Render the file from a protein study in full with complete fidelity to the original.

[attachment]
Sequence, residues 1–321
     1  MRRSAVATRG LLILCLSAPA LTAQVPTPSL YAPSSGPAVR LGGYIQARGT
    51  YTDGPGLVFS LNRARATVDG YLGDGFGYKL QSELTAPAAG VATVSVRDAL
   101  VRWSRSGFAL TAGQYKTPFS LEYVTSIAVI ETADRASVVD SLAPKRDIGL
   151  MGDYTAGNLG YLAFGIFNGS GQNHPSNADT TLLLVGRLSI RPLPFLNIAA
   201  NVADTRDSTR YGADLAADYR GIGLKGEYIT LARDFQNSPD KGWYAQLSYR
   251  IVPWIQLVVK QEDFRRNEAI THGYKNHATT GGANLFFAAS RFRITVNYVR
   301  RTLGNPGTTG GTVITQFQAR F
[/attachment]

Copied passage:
Sequence, residues 1–321
     1  MRRSAVATRG LLILCLSAPA LTAQVPTPSL YAPSSGPAVR LGGYIQARGT
    51  YTDGPGLVFS LNRARATVDG YLGDGFGYKL QSELTAPAAG VATVSVRDAL
   101  VRWSRSGFAL TAGQYKTPFS LEYVTSIAVI ETADRASVVD SLAPKRDIGL
   151  MGDYTAGNLG YLAFGIFNGS GQNHPSNADT TLLLVGRLSI RPLPFLNIAA
   201  NVADTRDSTR YGADLAADYR GIGLKGEYIT LARDFQNSPD KGWYAQLSYR
   251  IVPWIQLVVK QEDFRRNEAI THGYKNHATT GGANLFFAAS RFRITVNYVR
   301  RTLGNPGTTG GTVITQFQAR F